## General data: Statics |

3D buoys and 6D buoys can either be included or excluded from the static analysis. When a buoy is included OrcaFlex calculates the static equilibrium position of the buoy; when it is excluded OrcaFlex simply leaves the buoy at the position specified by the user.

Which buoys are included in the static analysis is controlled by setting the buoy degrees of freedom included in static analysis (on the general data form), together with individual settings on each buoy's data form:

**None**means that OrcaFlex does not find the true static equilibrium position of any of the buoys in the model, but instead simply places them all at their initial starting positions given by the buoy data.**X, Y, Z**includes all buoys in the statics calculation, but excludes rotational degrees of freedom for 6D buoys.**Individually specified**transfers control to the buoy data form, where each buoy may be included in, or excluded from, the static equilibrium calculation. With 6D buoys, you can also choose whether the rotational degrees of freedom are included or excluded.**All**is the usual setting, in which case the static analysis will include all the buoys along with the other objects in the model when it finds their static equilibrium positions.

You may need to set this value to none if the model is statically indeterminate, for example a free-floating buoy, or if the static analysis fails to converge for some other reason. The static analysis is an iterative calculation and, for some complex systems, may fail to converge, especially if the given initial position is far from the equilibrium position.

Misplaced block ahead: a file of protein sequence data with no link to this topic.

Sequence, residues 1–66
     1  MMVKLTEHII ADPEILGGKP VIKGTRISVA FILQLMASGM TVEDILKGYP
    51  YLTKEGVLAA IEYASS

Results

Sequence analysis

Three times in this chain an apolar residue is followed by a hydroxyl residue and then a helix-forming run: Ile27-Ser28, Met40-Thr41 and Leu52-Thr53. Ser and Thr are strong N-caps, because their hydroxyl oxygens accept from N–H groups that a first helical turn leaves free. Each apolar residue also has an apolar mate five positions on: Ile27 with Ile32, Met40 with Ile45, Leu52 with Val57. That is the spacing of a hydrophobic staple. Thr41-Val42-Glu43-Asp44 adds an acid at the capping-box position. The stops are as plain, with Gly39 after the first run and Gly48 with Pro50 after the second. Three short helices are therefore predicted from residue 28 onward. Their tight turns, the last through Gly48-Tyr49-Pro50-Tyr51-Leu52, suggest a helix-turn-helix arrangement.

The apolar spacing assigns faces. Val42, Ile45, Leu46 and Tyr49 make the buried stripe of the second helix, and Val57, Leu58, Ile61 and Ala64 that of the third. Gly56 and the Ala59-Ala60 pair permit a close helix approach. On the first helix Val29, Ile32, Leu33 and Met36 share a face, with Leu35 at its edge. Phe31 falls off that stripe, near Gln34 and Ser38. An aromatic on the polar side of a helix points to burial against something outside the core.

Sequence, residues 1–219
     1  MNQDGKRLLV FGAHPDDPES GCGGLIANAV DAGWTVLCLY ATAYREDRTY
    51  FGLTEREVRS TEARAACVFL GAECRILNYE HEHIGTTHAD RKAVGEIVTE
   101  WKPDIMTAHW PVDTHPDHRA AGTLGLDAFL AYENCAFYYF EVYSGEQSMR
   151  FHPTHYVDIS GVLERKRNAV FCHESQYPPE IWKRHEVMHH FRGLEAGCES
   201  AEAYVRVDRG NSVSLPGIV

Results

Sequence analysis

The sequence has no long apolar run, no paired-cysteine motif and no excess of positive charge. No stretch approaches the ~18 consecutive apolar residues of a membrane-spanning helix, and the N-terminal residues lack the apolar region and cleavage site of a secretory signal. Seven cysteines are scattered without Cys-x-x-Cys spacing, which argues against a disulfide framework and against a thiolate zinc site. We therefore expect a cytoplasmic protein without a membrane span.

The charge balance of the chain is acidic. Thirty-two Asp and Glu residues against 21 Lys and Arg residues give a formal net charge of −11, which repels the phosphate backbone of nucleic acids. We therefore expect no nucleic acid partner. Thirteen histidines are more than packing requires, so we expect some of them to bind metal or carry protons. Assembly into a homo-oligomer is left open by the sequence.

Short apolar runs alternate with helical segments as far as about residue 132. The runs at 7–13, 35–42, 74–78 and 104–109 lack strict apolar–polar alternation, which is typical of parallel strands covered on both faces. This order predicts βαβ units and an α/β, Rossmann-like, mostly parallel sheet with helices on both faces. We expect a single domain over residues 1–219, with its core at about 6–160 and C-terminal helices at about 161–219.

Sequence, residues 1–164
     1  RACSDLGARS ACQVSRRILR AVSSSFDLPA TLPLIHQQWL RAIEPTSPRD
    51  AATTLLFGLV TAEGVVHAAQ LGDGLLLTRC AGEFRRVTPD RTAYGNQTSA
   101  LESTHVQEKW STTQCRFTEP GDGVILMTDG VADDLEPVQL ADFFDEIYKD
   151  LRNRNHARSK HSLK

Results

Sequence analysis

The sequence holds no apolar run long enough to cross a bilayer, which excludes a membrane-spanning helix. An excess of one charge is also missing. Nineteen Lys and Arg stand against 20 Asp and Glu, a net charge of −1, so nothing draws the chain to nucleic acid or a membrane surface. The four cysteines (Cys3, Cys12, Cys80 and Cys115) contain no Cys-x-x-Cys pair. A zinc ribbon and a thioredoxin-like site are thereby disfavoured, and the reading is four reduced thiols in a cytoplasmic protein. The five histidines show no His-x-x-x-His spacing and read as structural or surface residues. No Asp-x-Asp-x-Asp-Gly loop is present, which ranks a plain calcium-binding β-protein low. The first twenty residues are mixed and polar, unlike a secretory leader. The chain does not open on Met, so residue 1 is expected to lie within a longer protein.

If statics fails, you can exclude some or all buoys (or, for 6D buoys, just the rotational degrees of freedom) from the static analysis; this simplifies the calculation and should allow convergence. Although the subsequent dynamic simulation then starts from a non-equilibrium position, it does allow the simulation to proceed and the initial non-equilibrium errors will normally be dissipated during the build-up period of the simulation with a reasonably long build-up period. In fact a modified dynamic simulation can then often be used to find the true static equilibrium position, by running a simulation with no waves; the results of this simulation give the true static equilibrium positions of the buoys, which can then be used as their starting positions for subsequent simulations with waves reinstated.

Another reason for excluding all buoys from statics is to deliberately start the simulation from a non-equilibrium position. You might do this, for example, in a simulation with no waves to determine the damping properties of the system.

The velocity of the whole model for the static analysis and the start of the simulation. It is defined by giving the speed (i.e. magnitude) and direction.

Normally the starting speed is zero. For non-zero speed (e.g. for modelling a towed system), the static analysis becomes a steady-state analysis that finds the steady-state equilibrium position in which the whole model is moving with the given velocity. The static position is therefore then referred to as a *steady-state position*, and the calculation of this position allows for any drag loads due to differences between the starting velocity and the current or wind velocities.

Note: | The model will start the simulation from the calculated steady state; i.e. with the specified starting velocity. So you should normally ensure that each vessel in the model has its prescribed motion for the first stage set to match the specified starting velocity. Otherwise the simulation will start with a sudden change in vessel velocity, which will cause a "kick" which may take some time to settle down. |

The line statics step 1 policy determines which lines have their step 1 statics calculated and which do not, with reference to lines which are connected to other lines. The policies that can be adopted are